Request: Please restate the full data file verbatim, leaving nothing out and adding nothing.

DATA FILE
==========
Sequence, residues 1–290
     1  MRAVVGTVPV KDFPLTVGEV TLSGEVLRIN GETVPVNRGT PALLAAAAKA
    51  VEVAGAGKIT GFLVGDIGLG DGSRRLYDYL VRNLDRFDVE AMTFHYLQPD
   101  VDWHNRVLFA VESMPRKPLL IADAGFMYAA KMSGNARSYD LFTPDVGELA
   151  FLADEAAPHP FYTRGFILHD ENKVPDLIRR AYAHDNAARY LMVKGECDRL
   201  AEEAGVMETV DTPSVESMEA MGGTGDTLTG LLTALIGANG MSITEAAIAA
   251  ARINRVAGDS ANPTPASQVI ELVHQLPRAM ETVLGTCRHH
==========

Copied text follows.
Sequence, residues 1–290
     1  MRAVVGTVPV KDFPLTVGEV TLSGEVLRIN GETVPVNRGT PALLAAAAKA
    51  VEVAGAGKIT GFLVGDIGLG DGSRRLYDYL VRNLDRFDVE AMTFHYLQPD
   101  VDWHNRVLFA VESMPRKPLL IADAGFMYAA KMSGNARSYD LFTPDVGELA
   151  FLADEAAPHP FYTRGFILHD ENKVPDLIRR AYAHDNAARY LMVKGECDRL
   201  AEEAGVMETV DTPSVESMEA MGGTGDTLTG LLTALIGANG MSITEAAIAA
   251  ARINRVAGDS ANPTPASQVI ELVHQLPRAM ETVLGTCRHH